Silvery $58.3 million Jackson Pollock painting leads Christie’s $495 million Record Breaking Contemporary Art Sale
UPDATE: Last night’s sale of Post War and Contemporary yielded a whopping $495,021,500, $200 million more than the Sotheby’s sale the night before – and broke the record for the highest total for any auction – the $491.4 million that was set at Christie’s Impressionist & Modern sale in November 2006. According to a Christie’s press release issued at 12:38 AM, 16 new artist records were set, 3 works sold above $40 million, 9 above $10 million, and 59 above $1 million.
The first major mega-bucks work, lot 10, Jean-Michel Baquiat’s 1982 Dustheads, estimated at $25-35 million, trounced the artist’s previous auction of $26,402,500 (set just last November), and sold for a hammer price of $43.5 million ($48,843,750 with the buyer’s premium). The Jackson Pollock, sold by Washington, DC-based collector Mitchell Rales, blew past its $25-35 million estimate and sold for a hammer price of $52 million ($58,363,750 with buyer’s premium).
Judd Tully’s Artinfo.com coverage of the sale includes this about the bidding war for the Pollock:
A dozen artist records were set, led by the ravishing cover lot, Jackson Pollock’s small but mighty “Number 19, 1948,” a stunning drip painting in oil and enamel on paper mounted on canvas, which sold to an anonymous telephone bidder for a whopping $58,363,750 (est. $25-35 million). The epic bidding battle for the Pollock began at $18 million and quickly escalated at million-dollar increments to a point where three bidders were still competing at the $40 million plus mark, including dealers Jose Mugrabi and Dominique Levy.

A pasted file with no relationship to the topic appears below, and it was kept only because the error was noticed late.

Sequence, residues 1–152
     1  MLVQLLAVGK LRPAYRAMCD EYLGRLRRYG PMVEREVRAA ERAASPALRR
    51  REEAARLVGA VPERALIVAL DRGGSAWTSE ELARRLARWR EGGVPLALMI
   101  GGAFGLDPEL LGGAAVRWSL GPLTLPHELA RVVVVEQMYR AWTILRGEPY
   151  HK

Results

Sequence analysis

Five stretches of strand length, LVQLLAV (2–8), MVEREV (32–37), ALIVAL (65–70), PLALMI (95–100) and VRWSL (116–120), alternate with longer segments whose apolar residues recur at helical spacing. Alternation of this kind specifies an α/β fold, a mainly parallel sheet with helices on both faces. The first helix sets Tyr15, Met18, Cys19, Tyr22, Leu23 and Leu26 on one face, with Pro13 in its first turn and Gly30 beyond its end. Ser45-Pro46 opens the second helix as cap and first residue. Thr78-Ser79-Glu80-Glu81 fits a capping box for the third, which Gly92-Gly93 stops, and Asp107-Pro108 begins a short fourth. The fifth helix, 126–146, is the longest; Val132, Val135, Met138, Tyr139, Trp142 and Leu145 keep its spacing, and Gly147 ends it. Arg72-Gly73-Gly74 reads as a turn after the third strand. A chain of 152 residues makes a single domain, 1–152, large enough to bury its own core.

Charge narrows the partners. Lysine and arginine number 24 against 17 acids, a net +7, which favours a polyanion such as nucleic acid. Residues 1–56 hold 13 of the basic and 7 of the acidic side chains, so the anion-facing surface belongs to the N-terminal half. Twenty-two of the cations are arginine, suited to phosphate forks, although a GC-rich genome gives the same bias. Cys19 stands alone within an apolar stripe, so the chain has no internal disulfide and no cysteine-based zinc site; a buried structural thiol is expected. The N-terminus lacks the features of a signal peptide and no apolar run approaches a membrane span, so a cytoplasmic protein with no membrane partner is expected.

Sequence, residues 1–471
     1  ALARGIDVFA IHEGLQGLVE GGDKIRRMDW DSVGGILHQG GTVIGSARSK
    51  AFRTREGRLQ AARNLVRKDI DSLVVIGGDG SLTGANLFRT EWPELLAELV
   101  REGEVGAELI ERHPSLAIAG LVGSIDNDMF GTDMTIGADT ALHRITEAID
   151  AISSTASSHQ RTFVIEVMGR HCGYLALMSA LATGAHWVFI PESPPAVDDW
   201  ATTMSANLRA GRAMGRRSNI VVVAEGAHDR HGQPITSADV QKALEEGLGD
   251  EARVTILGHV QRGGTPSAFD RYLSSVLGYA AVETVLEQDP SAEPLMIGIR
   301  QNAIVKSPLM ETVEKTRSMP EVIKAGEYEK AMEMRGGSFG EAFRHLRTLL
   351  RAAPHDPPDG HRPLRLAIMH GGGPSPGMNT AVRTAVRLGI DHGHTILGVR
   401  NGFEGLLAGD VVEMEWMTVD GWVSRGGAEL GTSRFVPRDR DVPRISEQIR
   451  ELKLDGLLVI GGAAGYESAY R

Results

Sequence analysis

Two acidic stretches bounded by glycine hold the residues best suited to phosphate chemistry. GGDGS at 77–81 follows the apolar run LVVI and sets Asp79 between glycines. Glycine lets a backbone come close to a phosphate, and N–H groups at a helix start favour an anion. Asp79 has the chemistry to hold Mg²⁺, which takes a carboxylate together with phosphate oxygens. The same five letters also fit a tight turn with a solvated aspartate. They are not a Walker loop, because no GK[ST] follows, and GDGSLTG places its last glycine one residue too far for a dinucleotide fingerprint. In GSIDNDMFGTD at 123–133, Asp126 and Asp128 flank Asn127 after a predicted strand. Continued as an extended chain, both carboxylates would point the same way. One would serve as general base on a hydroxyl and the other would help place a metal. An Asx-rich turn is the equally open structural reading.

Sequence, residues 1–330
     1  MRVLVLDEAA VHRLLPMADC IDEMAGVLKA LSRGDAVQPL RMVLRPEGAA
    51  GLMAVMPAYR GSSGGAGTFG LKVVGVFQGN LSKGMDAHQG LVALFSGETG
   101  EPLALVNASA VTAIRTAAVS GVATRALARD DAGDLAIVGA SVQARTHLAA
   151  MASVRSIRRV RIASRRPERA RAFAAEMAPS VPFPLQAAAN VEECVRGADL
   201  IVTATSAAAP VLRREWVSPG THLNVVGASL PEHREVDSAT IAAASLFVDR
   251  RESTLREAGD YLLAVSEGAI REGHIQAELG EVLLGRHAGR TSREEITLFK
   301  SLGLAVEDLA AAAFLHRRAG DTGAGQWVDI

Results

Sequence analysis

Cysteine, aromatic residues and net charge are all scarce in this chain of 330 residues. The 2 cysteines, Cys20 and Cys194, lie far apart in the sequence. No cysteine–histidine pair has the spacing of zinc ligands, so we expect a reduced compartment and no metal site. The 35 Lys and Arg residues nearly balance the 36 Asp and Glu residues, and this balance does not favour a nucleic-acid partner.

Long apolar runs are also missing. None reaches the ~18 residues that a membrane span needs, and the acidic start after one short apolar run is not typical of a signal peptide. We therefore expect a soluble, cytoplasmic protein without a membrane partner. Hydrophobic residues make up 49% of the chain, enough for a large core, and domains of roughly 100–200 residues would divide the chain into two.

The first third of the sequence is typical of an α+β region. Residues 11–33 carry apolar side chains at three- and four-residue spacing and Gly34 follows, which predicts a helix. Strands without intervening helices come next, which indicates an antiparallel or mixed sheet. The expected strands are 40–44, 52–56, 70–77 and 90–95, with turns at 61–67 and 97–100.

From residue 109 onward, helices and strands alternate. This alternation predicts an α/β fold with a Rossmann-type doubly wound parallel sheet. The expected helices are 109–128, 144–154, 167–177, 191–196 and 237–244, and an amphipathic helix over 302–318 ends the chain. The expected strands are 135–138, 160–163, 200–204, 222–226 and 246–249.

Described in the catalogue as the property of an American foundation, the shimmering painting, which last sold at auction at Christie’s New York in May 1993 for $2,422,500, subsequently entered the collection of Potomac, Maryland billionaire Mitchell Rales and his Glenstone Foundation. The price obliterated the mark set by “Number 4,” a 1951 canvas that made $40,402,500 at Sotheby’s New York last November.
Later in the sale, Roy Lichtenstein’s Picasso-inspired Woman with a Flowered Hat, which was begin sold by the New York-based investor Ronald Perelman, sailed through its unpublished $30-40 million estimate to sell for $50 million ($56,123,750 with the buyer’s premium) to London-based Laurence Graff, who purchased the painting as a present to himself in advance of his 75th birthday. According to Tully’s article:
“I got a masterpiece and I’m very lucky, because it’s one of four ladies Lichtenstein did and this is the best example,” said a still-elated Graff, buttonholed outside Christie’s Rockefeller Center headquarters. “There are fewer and fewer masterpieces coming to market and I love this painting.” Graff also cracked that it is just weeks away from his birthday, “so it’s going to be my birthday present.”
The painting mashed the previous high set a year ago at Sotheby’s New York when Lichtenstein’s “Sleeping Girl” (1964) sold for $44,882,500.
ORIGINAL POST: Christie’s May 15, 2013 evening sale of Post War and Contemporary Art features a pu-pu platter of styles among the top lots including Abstract Expressionism, Pop, Neo-Expressionism and more. Among the sale’s 72 lots (estimated to yield some $300 million), are works by art world luminaries (and box office gold) including Francis Bacon, Jean-Michel Basquiat, Roy Lichtenstein, Jackson Pollock and Mark Rothko.
One of the most expensive is a dazzling and wondrous silvery Jackson Pollock from 1948 (above), smack in the middle of the period when he created a series of paintings that revolutionized Post War art and helped establish New York and Abstract Expressionists as the center of the contemporary art world. According to the catalogue notes: